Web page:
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ORIGINAL ARTICLE
Year : 2014  |  Volume : 6  |  Issue : 2  |  Page : 142-146

Impact of surgical case order on perioperative outcomes for robotic-assisted radical prostatectomy


1 Department of Urology, Kaiser Permanente Los Angeles Medical Center, Los Angele, CA, USA
2 Department of Research and Evaluation, Kaiser Permanente Southern California, Los Angeles, CA, USA

Correspondence Address:
Anil A Thomas
Department of Urology, Kaiser Permanente Los Angeles Medical Center, 4900 Sunset Blvd, 2nd Floor, Los Angeles, CA 90027
USA
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DOI: 10.4103/0974-7796.130645

PMID: 24833827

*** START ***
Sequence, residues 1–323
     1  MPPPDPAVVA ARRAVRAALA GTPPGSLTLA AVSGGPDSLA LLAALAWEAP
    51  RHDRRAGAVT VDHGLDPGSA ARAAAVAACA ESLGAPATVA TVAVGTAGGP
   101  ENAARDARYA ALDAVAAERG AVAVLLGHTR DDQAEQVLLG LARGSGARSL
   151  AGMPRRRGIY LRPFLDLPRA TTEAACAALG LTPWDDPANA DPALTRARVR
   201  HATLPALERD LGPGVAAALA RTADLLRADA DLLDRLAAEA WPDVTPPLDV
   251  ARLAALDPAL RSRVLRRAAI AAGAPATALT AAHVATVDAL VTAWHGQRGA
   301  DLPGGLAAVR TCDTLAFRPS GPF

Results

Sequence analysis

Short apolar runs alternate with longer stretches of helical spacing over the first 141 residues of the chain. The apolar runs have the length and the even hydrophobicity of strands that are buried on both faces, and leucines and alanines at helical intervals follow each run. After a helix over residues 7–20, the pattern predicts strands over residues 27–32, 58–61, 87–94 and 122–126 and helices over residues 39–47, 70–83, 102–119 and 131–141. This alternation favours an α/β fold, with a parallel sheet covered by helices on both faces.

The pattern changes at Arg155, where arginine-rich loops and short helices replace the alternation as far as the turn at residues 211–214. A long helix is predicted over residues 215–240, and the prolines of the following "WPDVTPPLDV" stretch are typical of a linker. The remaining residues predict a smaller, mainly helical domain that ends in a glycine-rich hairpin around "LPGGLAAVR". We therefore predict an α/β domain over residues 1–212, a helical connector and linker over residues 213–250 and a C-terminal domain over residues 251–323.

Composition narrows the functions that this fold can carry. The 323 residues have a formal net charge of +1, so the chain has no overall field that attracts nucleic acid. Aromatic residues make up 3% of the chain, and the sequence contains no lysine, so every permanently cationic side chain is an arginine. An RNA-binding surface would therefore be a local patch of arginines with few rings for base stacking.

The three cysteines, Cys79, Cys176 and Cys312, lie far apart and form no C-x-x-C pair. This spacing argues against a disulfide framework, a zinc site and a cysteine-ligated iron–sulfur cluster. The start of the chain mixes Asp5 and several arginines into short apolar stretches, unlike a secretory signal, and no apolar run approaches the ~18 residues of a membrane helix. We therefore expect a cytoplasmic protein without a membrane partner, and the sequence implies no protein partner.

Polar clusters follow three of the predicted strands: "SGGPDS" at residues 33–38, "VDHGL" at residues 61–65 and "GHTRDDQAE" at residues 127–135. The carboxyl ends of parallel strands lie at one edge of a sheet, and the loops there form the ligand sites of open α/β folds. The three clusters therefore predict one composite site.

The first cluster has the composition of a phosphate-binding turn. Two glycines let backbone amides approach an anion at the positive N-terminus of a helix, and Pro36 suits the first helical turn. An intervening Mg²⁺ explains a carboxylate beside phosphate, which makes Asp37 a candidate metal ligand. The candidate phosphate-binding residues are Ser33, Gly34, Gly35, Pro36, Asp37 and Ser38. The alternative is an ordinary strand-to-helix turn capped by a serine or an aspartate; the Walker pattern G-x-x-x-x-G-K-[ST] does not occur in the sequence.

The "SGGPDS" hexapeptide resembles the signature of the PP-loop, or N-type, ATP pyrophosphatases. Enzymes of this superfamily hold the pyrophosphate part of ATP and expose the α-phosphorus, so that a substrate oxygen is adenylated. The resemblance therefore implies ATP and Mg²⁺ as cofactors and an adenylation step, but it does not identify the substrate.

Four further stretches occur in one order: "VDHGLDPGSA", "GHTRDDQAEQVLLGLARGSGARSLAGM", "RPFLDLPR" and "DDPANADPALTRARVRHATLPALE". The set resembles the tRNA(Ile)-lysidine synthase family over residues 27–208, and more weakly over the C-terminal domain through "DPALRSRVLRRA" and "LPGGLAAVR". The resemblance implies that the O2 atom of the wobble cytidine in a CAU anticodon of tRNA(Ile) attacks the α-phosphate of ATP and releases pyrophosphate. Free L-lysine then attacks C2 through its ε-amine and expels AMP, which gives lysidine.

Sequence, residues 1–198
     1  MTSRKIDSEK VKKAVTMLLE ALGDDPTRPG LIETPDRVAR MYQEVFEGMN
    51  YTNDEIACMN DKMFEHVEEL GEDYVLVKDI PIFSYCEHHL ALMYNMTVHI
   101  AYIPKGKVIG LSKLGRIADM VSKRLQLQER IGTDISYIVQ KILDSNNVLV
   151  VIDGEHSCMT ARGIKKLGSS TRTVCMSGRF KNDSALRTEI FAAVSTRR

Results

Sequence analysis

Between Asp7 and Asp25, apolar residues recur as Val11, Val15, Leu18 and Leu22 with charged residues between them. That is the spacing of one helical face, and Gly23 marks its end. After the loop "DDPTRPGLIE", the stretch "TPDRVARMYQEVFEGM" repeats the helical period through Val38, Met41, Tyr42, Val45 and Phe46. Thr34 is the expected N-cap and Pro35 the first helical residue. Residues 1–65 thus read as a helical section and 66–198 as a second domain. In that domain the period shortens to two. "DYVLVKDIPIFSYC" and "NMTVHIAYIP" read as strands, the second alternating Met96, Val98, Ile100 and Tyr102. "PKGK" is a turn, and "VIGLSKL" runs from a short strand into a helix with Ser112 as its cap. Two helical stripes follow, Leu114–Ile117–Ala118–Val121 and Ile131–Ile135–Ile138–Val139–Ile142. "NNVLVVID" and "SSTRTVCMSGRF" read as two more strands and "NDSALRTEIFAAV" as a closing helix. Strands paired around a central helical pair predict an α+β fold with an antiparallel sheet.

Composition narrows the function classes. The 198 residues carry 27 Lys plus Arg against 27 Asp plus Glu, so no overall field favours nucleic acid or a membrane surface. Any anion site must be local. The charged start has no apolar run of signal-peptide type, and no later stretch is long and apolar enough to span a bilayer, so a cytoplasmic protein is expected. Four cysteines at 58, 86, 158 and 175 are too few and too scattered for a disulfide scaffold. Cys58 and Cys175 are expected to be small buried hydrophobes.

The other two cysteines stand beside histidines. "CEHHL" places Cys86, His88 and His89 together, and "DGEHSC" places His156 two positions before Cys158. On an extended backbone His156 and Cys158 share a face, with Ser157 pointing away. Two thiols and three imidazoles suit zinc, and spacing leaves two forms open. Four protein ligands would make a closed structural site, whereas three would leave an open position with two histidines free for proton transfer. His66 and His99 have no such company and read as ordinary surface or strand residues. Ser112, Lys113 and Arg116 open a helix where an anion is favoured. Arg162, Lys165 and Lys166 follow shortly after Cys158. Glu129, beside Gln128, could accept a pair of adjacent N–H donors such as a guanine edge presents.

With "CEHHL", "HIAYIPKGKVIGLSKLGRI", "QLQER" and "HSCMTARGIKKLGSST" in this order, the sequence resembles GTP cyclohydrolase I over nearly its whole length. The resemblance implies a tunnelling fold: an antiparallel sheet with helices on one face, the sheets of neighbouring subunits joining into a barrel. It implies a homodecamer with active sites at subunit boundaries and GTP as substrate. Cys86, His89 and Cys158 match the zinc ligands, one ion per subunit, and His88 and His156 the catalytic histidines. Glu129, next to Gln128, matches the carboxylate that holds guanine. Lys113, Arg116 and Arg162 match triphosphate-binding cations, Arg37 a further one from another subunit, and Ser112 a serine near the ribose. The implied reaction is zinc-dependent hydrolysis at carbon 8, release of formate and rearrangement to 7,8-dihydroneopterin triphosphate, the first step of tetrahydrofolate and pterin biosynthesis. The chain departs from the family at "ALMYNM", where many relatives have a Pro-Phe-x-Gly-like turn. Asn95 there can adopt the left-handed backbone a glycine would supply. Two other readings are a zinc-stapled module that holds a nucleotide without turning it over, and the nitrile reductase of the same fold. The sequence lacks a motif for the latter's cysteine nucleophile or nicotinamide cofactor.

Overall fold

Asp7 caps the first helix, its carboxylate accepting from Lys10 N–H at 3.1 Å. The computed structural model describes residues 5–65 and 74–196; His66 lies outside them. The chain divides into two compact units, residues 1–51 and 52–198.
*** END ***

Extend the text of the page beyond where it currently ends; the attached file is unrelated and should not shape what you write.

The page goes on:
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Objectives: Since its introduction, there have been many refinements in the technique and implementation of robotic-assisted radical prostatectomy (RARP). However, it is unclear whether operative outcomes are influenced by surgical case order. We evaluated the effect of case order on perioperative outcomes for RARP within a large health maintenance organization. Materials and Methods: We conducted a retrospective review of RARP cases performed at our institution from September 2008 to December 2010 using a single robotic platform. Case order was determined from surgical schedules each day and surgeries were grouped into 1 st , 2 nd and 3 rd round cases. Fourth round cases (n = 1) were excluded from analysis. We compared clinicopathological variables including operative time, estimated blood loss (EBL), surgical margin rates and complication rates between groups. Results: Of the 1018 RARP cases in this cohort, 476 (47%) were performed as 1 st round cases, 398 (39%) 2 nd round cases and 144 (14%) 3 rd round cases by a total of 18 surgeons. Mean operative time was shorter as cases were performed later in the day (213 min vs. 209 min vs. 180 min, P < 0.0001) and similarly, EBL also decreased with surgical order (136 mL vs. 134 mL vs. 103 mL, P = 0.01). Transfusion rates, surgical margin rates and complication rates did not significantly differ between groups. Patients undergoing RARP later in the day were much more likely to have a hospital stay of 2 or more days than earlier cases (10% vs. 11% vs. 32%, P = 0.01). Conclusions: Surgical case order may influence perioperative outcomes for RARP with decreased operative times and increased length of hospital stay associated with later cases. These findings indicate that select perioperative factors may improve with ascending case order as the surgical team "warms up" during the day. In addition, 3 rd round cases can increase hospital costs associated with increased lengths of hospital stay. Knowledge of these differences may assist in surgical planning to improve outcomes and limit costs.


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